This post originally appeared on Forbes.
This week, the Treasury Inspector General for Tax Administration (TIGTA) released its audit report of the IRS’s methods of addressing taxpayers who take business tax deductions for activities not engaged in for profit (i.e. hobbies). TIGTA found that the IRS can do a better job of identifying high-income taxpayers who try to offset their income with hobby losses from unprofitable activities.
Determining whether a business qualifies as a hobby is not an exact science. If the activity has operated in the black for three or more out of five consecutive years, it will generally be presumed to be a for-profit business. Individuals who engage in for-profit business activities are allowed to deduct expenses that are ordinary and necessary in carrying on the trade or business. If expenses exceed income, the loss can be used to offset other income, including wages, interest and dividends, etc. If the loss is a result of a hobby business, it cannot be used to offset other income.
If the activity is determined to be a hobby, the income from the activity is taxable and reported as Other Income on Line 21 of Form 1040. Expenses are limited to the activity’s gross income and are deducted as a Miscellaneous Itemized Deduction on Schedule A. There, they are subject to the 2% of Adjusted Gross Income limitation and the taxpayer must have enough itemized deductions to exceed the standard deduction. Otherwise, they receive no benefit at all from hobby expense deductions.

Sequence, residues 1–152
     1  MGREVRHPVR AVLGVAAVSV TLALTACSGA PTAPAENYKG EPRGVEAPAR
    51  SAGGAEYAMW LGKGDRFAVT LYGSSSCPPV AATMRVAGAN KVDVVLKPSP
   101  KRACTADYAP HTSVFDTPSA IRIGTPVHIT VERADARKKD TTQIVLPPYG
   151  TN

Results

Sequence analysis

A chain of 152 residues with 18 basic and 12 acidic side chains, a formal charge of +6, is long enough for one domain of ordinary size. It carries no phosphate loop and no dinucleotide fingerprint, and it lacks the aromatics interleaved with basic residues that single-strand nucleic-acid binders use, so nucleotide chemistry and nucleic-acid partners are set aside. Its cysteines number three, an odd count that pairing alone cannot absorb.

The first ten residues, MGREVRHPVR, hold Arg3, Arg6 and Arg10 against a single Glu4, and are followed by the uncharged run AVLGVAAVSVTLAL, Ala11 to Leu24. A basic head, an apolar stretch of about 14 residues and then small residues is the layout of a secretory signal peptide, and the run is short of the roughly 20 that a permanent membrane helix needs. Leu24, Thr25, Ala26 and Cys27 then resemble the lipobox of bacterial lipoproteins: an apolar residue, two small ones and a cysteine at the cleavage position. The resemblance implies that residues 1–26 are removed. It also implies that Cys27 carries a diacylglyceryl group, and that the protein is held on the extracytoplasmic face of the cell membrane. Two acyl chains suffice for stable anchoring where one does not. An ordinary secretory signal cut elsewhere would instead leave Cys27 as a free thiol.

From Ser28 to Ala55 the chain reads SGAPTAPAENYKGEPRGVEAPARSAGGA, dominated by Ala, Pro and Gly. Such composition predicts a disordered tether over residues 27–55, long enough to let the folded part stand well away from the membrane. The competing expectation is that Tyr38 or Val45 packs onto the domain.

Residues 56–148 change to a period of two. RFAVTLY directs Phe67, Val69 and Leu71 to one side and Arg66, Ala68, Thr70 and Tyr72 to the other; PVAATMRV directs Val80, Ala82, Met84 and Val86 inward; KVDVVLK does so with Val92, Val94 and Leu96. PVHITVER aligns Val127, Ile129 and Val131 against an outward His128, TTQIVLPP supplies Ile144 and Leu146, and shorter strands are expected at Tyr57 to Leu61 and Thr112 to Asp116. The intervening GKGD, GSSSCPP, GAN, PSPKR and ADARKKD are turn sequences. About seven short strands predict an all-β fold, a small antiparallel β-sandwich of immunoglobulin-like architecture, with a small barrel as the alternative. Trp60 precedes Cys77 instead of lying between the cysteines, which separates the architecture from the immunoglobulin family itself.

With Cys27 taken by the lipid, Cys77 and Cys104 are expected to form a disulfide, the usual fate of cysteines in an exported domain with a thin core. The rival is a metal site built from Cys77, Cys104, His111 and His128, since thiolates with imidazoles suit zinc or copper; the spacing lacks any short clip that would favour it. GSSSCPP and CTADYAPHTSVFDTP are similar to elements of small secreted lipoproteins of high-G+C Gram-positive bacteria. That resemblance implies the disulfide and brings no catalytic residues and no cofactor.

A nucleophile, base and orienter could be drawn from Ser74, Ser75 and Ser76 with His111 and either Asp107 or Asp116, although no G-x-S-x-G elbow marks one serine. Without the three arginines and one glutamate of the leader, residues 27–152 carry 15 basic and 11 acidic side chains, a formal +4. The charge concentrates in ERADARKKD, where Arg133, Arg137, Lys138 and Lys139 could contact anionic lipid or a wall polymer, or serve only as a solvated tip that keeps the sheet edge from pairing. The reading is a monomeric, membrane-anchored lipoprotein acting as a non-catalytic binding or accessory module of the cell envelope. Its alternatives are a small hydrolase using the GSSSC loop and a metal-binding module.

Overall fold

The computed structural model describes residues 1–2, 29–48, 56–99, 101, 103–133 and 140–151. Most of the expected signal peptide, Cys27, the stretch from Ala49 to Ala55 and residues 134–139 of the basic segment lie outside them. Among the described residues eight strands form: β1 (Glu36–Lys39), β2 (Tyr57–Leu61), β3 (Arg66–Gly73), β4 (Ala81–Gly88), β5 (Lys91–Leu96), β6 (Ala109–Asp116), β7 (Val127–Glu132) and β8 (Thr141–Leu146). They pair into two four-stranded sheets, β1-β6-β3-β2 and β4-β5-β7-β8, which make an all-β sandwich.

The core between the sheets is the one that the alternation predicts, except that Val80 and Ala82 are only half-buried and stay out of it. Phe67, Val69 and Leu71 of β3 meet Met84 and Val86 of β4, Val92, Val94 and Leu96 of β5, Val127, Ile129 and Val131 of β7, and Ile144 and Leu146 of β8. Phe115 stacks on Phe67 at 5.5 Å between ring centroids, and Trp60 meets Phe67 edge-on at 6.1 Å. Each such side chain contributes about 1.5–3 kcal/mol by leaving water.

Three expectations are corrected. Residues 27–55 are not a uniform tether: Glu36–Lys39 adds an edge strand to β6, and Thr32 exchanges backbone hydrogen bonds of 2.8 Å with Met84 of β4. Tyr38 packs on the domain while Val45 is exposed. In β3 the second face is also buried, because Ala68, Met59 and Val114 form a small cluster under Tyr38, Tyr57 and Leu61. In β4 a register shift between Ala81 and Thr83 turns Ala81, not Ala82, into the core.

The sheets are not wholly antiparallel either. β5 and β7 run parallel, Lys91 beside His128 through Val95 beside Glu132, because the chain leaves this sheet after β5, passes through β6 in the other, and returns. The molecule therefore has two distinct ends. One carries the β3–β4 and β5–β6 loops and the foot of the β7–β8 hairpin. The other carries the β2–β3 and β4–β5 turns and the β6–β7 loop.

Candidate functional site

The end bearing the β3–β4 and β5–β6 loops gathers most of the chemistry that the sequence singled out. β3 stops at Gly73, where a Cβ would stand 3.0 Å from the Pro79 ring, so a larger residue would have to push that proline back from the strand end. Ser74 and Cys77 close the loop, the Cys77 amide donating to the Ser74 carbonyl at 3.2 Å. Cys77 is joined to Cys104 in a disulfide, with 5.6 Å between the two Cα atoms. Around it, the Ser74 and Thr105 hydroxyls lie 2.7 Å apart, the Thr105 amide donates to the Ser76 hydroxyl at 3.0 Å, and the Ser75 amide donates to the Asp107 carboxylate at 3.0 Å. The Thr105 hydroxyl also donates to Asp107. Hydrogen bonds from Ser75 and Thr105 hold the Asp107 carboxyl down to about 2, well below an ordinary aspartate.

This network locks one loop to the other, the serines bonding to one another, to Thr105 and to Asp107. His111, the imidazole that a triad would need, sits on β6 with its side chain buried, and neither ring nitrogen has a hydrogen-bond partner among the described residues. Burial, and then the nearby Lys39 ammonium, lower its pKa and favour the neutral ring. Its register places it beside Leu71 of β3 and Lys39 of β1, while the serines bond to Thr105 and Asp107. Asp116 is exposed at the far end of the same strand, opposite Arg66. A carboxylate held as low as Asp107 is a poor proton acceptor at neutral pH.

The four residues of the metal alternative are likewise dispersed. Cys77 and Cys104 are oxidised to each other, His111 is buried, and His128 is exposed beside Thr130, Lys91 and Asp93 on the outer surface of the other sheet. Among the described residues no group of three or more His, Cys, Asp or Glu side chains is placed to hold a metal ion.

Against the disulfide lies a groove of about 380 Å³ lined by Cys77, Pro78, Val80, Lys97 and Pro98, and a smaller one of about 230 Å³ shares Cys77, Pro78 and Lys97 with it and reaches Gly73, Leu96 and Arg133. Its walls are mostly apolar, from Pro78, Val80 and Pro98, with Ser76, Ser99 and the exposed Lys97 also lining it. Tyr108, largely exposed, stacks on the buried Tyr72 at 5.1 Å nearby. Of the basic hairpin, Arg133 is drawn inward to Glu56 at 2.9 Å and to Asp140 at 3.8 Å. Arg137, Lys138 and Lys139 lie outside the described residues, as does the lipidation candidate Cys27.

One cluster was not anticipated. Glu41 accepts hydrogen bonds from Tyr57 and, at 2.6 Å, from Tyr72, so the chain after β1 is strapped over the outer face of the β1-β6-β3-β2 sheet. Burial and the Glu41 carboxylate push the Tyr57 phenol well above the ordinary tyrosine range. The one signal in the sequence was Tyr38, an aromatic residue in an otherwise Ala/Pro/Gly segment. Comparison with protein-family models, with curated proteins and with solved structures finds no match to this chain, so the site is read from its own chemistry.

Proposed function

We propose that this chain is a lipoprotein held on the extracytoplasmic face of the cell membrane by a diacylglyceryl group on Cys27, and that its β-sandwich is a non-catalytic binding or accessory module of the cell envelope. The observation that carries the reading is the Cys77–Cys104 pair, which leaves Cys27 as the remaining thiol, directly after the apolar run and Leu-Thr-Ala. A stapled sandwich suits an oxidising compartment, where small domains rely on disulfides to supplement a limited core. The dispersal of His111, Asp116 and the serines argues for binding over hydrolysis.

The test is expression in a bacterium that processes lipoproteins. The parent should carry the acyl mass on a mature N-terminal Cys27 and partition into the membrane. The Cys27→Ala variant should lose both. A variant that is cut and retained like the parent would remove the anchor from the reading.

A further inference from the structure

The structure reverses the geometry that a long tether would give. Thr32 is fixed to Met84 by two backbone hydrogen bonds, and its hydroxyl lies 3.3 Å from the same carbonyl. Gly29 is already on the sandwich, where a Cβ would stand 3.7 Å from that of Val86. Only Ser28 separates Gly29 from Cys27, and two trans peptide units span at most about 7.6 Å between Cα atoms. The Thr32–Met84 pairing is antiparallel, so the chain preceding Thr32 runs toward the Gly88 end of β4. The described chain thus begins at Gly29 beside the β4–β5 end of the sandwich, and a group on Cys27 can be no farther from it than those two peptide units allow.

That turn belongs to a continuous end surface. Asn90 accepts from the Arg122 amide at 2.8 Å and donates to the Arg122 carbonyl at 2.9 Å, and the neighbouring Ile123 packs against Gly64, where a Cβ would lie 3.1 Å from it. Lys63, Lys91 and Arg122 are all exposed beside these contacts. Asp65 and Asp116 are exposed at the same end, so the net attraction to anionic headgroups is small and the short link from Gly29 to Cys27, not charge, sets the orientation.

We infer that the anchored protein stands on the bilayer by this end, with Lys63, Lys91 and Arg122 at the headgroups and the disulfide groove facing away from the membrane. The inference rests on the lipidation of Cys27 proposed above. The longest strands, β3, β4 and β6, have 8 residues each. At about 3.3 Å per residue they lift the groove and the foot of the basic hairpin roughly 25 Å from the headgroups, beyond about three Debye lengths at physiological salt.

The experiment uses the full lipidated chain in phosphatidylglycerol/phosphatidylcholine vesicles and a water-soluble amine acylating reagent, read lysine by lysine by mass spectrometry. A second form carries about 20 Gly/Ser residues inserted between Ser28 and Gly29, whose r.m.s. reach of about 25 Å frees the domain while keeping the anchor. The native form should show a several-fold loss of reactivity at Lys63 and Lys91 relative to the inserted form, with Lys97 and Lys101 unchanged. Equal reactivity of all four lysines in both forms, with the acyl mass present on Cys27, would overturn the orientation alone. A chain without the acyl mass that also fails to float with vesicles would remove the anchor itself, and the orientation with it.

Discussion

TIGTA found that the IRS does not maximize all of the relevant information available to them to identify hobby losses. Even when returns containing potential hobby losses are selected for audit, examiners do not always address the hobby loss issues.
This year’s audit was a follow-up to their previous findings. TIGTA evaluated data from 2011 through 2014. They estimate that for 2013, taxpayers may have inappropriately used hobby loss expenses to reduce taxes by as much as $70.9 million.
TIGTA recommended that the IRS make use of its research capabilities to identify individual returns with multiyear Schedule C losses and other factors that may indicate abuse of hobby loss deductions and provide better tools and training on this issue for examiners.
All is not lost if you are legitimately running a business but not showing a profit.Taxpayers have been able to convince the IRS that they were in a for-profit venture under the “facts and circumstances test.” Facts and circumstances might include the time and effort put into the business, the taxpayer’s success in similar activities, and whether the activity is performed for personal pleasure or recreation.
Bottom line? If you’re worried about your business being flagged as a hobby loss, keep thorough and businesslike books, maintain separate business checking and credit cards accounts, obtain the proper business insurance and licenses, and maintain a written, updated business plan. Otherwise, if you’ve been trying something for many years and you still aren’t making a profit, it might not be the right business for you.